A self published book does not carry any cachet within the big publishing houses. Occasionally a self published book will attract the attention of a author's agent, who will be able to place the book with the appropriate publisher in return for a cut of your 10-15% royalty. This doesn't happen hardly at all.

 

There are lots of chances for self publishing today, and it can be a lot of fun. However bear in mind that companies that provide self publishing services make their money by providing self publishing services. Not by selling books.


 

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27 minutes ago, Bill Brooks said:

I think self publishing of picture books is not financially viable. You need a old fashioned book publisher to get your book into the bookstores. You need wide circulation of the book in bookstores. You need a publisher's book salesman to make personal calls on all bookstores that might carry the book, as well as the big book chains.

 

Bookstores can send unsold books back to the publisher for credit on future book purchases from the publisher. Even if an individual store likes your book, they will be unwilling to stock more than a few copies because they think they will be unable to send unsold copies back to you for credit, as they expect no more future books from you.

 

In addition a book publisher can be a big help in working with you to make your book more saleable, lining up a big name author to write the text, selling international rights, making bulk sales to public libraries, promoting the book on TV talk shows, personal author appearances in bookstores, working with printers, etc.

 

The publisher has to do all of this in order in order to make sales of your book. Often the publisher looses money on your first book, but makes it up on the second or third.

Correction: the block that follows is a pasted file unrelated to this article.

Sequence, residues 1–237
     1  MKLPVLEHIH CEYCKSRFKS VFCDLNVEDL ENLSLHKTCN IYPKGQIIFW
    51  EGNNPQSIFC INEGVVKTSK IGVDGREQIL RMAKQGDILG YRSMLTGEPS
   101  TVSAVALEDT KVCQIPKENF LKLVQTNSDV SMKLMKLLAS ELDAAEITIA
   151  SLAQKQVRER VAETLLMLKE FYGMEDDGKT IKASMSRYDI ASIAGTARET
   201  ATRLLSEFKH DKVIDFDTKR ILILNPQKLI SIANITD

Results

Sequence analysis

A self published book does not carry any cachet within the big publishing houses. Occasionally a self published book will attract the attention of a author's agent, who will be able to place the book with the appropriate publisher in return for a cut of your 10-15% royalty. This doesn't happen hardly at all.

 

There are lots of chances for self publishing today, and it can be a lot of fun. However bear in mind that companies that provide self publishing services make their money by providing self publishing services. Not by selling books.


 

 

Thanks. This has probably always been the case with self-publishing. It's a fun project, but not a money-making one. However, from what I've heard, traditional book publishers are lot more difficult to crack than they used to be, especially when it comes to picture / coffee table books, for which there probably isn't a huge market.

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Posted (edited)
3 hours ago, Bill Brooks said:

I think self publishing of picture books is not financially viable. You need a old fashioned book publisher to get your book into the bookstores. You need wide circulation of the book in bookstores. You need a publisher's book salesman to make personal calls on all bookstores that might carry the book, as well as the big book chains.

 

Bookstores can send unsold books back to the publisher for credit on future book purchases from the publisher. Even if an individual store likes your book, they will be unwilling to stock more than a few copies because they think they will be unable to send unsold copies back to you for credit, as they expect no more future books from you.